In the last two years, many people across the world have either considered leaving or have left their jobs amid the “Great Resignation” (or La Grande démission, en Français). 

If you have thought about quitting your French job, or perhaps you simply want to understand the procedure for resigning in France, we’ve put together a guide that should answer all of your questions. 

EXPLAINED: What you should know if you want to quit your job in France

Next, the French government is recommending that everyone become familiar with this website, and you’ll really to know how to use it if you will be living in France during the winter of 2022-2023. 

Ecowatt is the government’s ‘energy forecasting’ website. It will provide you with daily updates and give you an idea as to whether the electrical grid is under stress due to energy shortages. The Local put together an article on how to sign up for alerts, which will help you keep track of whether your area is at risk for short, localised power cuts this winter.

‘Ecowatt’: How you should use France’s new energy forecasting website?

Amid potential energy shortages this winter and the cost of living crisis, foreigners living with France have been faced with learning a whole new set of French vocabulary words.

It can be difficult to keep up to date with the French news – even for native-French speakers. To help you follow along and stay informed, The Local has compiled a list of French terms you are likely to hear when the government or media discusses inflation, along with their English translations.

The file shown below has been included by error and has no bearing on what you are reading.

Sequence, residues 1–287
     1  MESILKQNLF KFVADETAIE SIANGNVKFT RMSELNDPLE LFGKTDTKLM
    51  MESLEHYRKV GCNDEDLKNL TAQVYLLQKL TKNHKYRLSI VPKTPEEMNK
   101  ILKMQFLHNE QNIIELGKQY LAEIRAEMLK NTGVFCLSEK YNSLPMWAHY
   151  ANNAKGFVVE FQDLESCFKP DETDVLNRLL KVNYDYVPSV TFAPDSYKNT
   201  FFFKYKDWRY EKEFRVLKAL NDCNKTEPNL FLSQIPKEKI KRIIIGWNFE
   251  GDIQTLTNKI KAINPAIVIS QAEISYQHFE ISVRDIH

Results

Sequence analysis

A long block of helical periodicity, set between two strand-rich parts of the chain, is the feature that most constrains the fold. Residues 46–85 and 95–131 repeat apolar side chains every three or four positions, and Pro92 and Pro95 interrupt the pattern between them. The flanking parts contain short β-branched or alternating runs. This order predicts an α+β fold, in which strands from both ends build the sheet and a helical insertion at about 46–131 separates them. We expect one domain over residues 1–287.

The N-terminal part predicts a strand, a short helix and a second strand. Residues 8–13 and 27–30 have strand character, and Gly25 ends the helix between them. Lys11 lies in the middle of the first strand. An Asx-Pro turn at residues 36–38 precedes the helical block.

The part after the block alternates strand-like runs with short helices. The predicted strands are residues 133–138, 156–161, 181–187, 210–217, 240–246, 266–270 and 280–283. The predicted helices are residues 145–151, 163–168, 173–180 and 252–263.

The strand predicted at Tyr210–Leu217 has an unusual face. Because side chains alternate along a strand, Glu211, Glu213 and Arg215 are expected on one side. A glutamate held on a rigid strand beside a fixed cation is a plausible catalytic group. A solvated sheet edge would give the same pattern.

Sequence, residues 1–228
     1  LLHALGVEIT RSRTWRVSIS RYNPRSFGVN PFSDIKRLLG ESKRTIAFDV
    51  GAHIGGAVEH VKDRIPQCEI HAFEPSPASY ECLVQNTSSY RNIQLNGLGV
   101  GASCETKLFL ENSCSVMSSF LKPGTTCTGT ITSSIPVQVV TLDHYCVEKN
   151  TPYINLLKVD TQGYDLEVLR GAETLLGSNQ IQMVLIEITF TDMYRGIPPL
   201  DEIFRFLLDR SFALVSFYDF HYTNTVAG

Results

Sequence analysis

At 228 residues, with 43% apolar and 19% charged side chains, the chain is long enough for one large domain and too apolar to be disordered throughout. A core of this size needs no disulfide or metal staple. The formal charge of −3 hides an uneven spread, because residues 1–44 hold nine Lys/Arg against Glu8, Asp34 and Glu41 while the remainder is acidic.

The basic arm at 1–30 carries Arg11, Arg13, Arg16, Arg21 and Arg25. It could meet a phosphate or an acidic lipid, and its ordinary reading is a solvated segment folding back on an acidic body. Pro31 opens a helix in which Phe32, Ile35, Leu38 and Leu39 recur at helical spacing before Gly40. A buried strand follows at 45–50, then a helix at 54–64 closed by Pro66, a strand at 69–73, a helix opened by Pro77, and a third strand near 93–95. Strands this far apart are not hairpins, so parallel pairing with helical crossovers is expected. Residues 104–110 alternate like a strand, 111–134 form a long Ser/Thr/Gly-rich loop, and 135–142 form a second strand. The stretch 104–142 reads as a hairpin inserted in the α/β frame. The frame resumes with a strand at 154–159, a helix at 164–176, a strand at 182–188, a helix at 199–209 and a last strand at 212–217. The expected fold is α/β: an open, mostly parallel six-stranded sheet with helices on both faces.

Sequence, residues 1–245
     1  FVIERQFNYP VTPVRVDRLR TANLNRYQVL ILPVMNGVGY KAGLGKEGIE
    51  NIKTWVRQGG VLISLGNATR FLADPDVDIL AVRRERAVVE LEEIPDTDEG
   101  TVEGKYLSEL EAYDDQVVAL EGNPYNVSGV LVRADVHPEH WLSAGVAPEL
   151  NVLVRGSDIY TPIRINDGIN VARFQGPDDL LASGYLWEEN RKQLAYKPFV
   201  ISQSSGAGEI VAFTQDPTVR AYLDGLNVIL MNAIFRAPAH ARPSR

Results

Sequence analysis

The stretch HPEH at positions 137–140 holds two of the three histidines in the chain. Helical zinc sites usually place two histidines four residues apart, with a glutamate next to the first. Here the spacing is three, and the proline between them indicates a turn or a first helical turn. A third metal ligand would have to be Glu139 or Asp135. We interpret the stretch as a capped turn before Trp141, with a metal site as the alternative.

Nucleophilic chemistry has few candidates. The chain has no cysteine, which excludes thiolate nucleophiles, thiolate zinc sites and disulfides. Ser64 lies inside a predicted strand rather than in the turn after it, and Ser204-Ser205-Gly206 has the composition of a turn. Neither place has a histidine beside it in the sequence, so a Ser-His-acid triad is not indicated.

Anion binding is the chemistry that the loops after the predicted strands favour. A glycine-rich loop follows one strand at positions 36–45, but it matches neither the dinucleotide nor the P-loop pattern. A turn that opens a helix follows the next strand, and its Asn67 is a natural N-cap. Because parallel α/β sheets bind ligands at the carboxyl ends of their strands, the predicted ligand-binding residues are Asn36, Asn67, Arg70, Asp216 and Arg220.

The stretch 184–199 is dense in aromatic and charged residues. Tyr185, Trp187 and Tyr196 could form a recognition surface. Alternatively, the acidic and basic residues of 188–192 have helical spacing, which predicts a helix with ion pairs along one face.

The French words you need to understand France’s cost of living crisis

Parenting in a country you did grow up in comes with unique challenges and joys. One thing anglophone parents tend to wonder about is whether or not they should send their children to international schools (where English might be more widely spoken) or opt for local French schools.

The Local spoke with some anglophone parents, and compared the advantages and disadvantages of the various options in order to help you make the best decision for your family. 

What kind of school in France is best for my kids?

Many foreigners living in France prefer renting to buying. When looking for that perfect home or apartment, there are a few things to consider. First and foremost – renting in France depends largely on where you live. Renting in a rural or suburban environment will differ greatly from renting in a big city. Nevertheless – renters across France are faced with the same question: furnished or unfurnished? 

The two options differ in terms of price, convenience, and sometimes availability. You can read The Local’s guide to renting property in France.

Renting property in France: Should I go for furnished or unfurnished?

The 2024 Olympic Games are already on the horizon, even though they might seem far away. The city of Paris and its surrounding suburbs have already begun extensive preparations to host athletes, their families, and the thousands of fans who will come to enjoy the Games.

If you live in France and you are considering attending the games, The Local has put together what you need to know in order to secure your tickets.

How to get tickets for the Paris 2024 Olympics and Paralympics